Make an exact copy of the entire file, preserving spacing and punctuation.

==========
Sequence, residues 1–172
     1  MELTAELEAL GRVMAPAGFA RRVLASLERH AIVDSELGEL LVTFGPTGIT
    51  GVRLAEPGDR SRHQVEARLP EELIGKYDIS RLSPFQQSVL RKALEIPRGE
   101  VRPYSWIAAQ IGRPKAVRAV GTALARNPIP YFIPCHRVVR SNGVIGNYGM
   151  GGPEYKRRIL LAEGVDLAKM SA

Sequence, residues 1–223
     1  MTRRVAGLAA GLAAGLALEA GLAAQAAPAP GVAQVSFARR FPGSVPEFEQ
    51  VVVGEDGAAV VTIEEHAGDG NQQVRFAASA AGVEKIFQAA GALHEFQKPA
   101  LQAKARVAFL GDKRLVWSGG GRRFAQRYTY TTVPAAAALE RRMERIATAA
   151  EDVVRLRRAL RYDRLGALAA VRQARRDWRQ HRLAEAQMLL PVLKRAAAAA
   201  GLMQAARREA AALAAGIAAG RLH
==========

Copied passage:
Sequence, residues 1–172
     1  MELTAELEAL GRVMAPAGFA RRVLASLERH AIVDSELGEL LVTFGPTGIT
    51  GVRLAEPGDR SRHQVEARLP EELIGKYDIS RLSPFQQSVL RKALEIPRGE
   101  VRPYSWIAAQ IGRPKAVRAV GTALARNPIP YFIPCHRVVR SNGVIGNYGM
   151  GGPEYKRRIL LAEGVDLAKM SA

Sequence, residues 1–223
     1  MTRRVAGLAA GLAAGLALEA GLAAQAAPAP GVAQVSFARR FPGSVPEFEQ
    51  VVVGEDGAAV VTIEEHAGDG NQQVRFAASA AGVEKIFQAA GALHEFQKPA
   101  LQAKARVAFL GDKRLVWSGG GRRFAQRYTY TTVPAAAALE RRMERIATAA
   151  EDVVRLRRAL RYDRLGALAA VRQARRDWRQ HRLAEAQMLL PVLKRAAAAA
   201  GLMQAARREA AALAAGIAAG RLH